Most climate scientists are now in agreement that earth’s climate is changing because of enormous and rapid additions of greenhouse gases, such as carbon dioxide, methane, and nitrous oxide, to the atmosphere due to the consumption patterns of humans. Predicted outcomes of this warming include rising sea levels, more extreme weather events, and changes in precipitation and temperature patterns globally, but it is less clear exactly how climate will change at any one location and even less clear how organisms and ecosystems will respond to the predicted changes.
In the high elevations of the Rocky Mountains, snow covers the ground for most of the year – summer is short. Organisms that live here or just visit for the summer have a lot of work to do to complete their life cycle in a very short period of time. For example, marmots emerge from hibernation in late April to early May and retire to their burrows by late August to early September. In that span of time, they need to mate, raise pups, and put on enough weight to survive hibernation during the long high country winter. (They can lose up to half of their summer weight during hibernation.)
How will climate change affect organisms and ecosystems around the RMBL? Will all effects of climate change be negative or could some organisms actually benefit from the change?
The Climate of Central Colorado
“Climate is what you expect, weather is what you get.” Mark Twain
Climate can be thought of as the average weather conditions for a location. Because of high elevations in central Colorado, temperatures are cool and the thin, dry atmosphere allows relatively high levels of ultraviolet (UV) radiation to reach the surface. Highest elevations generally receive more precipitation than lower elevations with most precipitation accumulating during the winter as snow.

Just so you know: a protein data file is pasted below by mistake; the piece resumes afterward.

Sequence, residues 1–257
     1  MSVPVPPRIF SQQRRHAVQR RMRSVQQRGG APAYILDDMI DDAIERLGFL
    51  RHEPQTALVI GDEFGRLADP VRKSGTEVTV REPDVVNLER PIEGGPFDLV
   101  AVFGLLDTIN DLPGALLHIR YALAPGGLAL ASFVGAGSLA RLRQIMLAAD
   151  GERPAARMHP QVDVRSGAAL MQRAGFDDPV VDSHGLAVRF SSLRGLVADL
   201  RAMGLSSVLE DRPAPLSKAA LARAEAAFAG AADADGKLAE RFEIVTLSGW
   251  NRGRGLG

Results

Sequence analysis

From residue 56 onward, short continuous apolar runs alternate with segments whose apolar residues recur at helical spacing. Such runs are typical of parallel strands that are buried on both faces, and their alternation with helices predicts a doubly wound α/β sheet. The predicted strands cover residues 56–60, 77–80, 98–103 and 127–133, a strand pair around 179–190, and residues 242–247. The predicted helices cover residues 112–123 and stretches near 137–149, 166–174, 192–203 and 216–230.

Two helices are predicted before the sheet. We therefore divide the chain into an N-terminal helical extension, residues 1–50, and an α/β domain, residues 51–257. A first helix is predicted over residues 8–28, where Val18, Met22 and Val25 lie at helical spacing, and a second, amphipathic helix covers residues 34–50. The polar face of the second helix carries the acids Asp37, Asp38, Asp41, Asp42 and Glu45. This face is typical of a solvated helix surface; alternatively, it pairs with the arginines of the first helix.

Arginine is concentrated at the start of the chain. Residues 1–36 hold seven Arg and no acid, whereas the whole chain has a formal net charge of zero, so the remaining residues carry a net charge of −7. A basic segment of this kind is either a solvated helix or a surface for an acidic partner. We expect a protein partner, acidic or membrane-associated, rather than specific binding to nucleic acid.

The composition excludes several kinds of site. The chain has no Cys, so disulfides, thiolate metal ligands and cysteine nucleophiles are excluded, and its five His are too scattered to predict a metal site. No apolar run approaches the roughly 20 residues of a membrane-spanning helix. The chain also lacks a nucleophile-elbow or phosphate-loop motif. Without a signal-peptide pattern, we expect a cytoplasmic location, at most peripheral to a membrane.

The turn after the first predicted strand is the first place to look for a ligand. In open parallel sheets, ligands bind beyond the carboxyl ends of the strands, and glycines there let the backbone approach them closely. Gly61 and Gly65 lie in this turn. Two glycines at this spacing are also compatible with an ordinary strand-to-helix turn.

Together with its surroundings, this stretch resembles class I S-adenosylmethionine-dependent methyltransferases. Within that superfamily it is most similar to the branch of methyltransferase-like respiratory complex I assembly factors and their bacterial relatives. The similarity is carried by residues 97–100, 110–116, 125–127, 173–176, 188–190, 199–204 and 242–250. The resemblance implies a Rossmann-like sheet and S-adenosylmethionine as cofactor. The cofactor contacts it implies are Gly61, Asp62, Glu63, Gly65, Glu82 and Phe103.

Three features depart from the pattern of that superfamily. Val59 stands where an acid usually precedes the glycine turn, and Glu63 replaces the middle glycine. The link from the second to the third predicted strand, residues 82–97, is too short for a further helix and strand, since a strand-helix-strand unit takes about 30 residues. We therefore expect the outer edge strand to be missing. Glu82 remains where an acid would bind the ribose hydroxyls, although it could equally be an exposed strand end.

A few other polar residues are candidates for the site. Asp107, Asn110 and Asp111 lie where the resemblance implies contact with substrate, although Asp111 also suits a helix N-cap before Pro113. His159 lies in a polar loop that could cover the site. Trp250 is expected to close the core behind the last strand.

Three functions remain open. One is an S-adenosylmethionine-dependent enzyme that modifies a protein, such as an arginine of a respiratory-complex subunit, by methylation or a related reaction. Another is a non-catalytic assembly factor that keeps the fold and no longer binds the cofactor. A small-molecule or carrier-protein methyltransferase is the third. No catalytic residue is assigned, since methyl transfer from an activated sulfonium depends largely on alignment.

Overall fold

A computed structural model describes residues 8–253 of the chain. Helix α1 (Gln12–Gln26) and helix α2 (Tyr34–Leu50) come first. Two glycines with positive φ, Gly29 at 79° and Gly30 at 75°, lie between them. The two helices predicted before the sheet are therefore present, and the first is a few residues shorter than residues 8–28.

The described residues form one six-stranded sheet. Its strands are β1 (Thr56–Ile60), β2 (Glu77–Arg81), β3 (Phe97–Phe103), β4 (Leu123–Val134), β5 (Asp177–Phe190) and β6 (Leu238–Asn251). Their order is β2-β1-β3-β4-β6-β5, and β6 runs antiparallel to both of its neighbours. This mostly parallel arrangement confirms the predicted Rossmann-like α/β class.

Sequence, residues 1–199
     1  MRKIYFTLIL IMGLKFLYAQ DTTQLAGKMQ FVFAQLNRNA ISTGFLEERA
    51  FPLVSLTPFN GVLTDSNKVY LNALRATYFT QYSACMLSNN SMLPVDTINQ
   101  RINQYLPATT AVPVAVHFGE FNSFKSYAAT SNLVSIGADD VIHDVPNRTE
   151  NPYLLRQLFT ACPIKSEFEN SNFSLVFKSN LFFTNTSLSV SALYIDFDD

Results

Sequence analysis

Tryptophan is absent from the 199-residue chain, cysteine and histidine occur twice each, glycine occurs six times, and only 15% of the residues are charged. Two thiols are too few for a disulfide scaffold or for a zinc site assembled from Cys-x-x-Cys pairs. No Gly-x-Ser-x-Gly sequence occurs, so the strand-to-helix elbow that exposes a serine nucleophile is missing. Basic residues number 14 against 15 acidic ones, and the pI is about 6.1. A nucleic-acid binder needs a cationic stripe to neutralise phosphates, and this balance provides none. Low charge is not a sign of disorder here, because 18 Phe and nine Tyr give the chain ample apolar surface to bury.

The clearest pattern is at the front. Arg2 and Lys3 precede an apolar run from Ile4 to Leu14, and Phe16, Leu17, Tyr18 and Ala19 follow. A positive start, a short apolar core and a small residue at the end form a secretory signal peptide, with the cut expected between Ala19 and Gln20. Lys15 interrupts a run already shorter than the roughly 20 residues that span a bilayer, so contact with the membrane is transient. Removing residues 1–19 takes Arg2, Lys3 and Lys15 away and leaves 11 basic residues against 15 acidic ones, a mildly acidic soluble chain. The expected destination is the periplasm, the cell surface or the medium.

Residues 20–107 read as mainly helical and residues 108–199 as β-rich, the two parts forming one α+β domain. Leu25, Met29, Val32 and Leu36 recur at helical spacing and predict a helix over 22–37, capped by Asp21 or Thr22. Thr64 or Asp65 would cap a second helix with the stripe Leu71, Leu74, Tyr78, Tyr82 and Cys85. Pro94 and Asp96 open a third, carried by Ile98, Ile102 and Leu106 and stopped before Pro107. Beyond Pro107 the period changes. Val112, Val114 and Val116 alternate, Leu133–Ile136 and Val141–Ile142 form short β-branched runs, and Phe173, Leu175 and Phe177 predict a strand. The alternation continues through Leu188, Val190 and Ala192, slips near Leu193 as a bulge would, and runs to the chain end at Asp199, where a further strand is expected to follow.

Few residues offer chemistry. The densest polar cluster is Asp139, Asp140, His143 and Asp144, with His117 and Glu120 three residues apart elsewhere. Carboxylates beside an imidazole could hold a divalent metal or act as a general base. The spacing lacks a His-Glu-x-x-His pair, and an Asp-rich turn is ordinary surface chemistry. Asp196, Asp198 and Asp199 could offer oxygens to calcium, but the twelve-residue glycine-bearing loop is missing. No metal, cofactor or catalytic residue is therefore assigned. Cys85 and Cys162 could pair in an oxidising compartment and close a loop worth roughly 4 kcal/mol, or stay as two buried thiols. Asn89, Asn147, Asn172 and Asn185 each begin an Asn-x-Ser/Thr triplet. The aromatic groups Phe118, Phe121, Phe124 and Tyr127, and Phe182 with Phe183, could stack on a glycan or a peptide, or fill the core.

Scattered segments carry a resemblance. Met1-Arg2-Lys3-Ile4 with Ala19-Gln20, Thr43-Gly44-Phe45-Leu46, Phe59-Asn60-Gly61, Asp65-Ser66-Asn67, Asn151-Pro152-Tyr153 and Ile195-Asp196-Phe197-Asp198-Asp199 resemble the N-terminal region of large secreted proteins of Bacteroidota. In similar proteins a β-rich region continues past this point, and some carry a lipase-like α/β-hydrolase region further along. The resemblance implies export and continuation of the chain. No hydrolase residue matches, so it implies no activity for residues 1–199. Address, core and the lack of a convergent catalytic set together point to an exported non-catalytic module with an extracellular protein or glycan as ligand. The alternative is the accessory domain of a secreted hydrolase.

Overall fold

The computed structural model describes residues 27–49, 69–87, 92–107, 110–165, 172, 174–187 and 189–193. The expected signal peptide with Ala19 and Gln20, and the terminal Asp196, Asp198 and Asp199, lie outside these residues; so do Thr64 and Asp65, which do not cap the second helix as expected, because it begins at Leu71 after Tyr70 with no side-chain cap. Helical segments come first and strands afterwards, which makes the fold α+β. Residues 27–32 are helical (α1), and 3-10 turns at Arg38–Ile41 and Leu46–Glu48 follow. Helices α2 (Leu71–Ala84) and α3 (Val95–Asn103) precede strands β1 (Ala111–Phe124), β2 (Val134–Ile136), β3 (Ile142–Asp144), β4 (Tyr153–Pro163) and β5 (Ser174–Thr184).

High elevation and extreme relief are major factors in the average climate of central Colorado, including the lab. For example, the Rocky Mountain Biological Laboratory sits at roughly 9500 feet (2920 m) above sea level (asl). The surrounding mountains are roughly 12,000 feet asl or 3000 ft (915 m) higher than the lab. Avery Peak, about 3 miles north of the lab is 12644 ft (3854 m) asl. Summer afternoon temperatures decrease about 4-5 degrees Fahrenheit for every 1000 feet of elevation gain. That means that the top of Avery Peak is usually 16 degrees Fahrenheit, or 9 degrees Celsius, cooler than down in Gothic!
Major Climate Drivers for Ecosystems around RMBL
There are two particularly important climate-related occurrences for organisms and ecological systems in the high country. The first important event is the day that snow cover is reduced to zero, the snow melt date, which as you can imagine, doesn’t happen at the same time in all locations. The snow melt date is really the beginning of the short growing season.
Another very important climate variable is the amount of water available to plants during the growing season. This variable can directly reflect the amount of precipitation received, but can also be influenced indirectly by temperature. For example, during a year with normal rainfall, plants could still be stressed by lack of soil moisture if temperatures are higher than normal, resulting in higher than normal rates of evapotranspiration and lower than normal soil moisture.
RMBL Climate Records
Fortunately for us, climate observations at the RMBL extend back to shortly after billy barr arrived in Gothic. Since 1974, billy has kept a running tally of temperature, precipitation, and total snow pack near his off-the-grid house north of the field station. billy also records the first day of the year that he sees local animals that hibernate, like marmots, emerge from their burrows as well as the first day he sees animals that migrate to higher elevations for the summer months, such as hummingbirds. These incredible four-decade long records from a remote sub-alpine to montane environment are invaluable to scientists that study the effects of climate change on organisms and ecosystem functioning. For more about billy barr and his observations, download a short Rocky Mountain News article here. Is a 40-year record of observations a long-term data set?
The timing of important life cycle events, such as emergence from hibernation, is called phenology. Many behaviors change with changing environmental conditions. Because of billy’s detailed daily observations, we can ask certain questions about certain phenological events around the RMBL field station. For example, is there evidence for changing climatic conditions at the Rocky Mountain Biological Laboratory? How does the timing of life cycle events of high-country organisms change with changing environmental conditions?
Next step – learn about RMBL Phenology Research.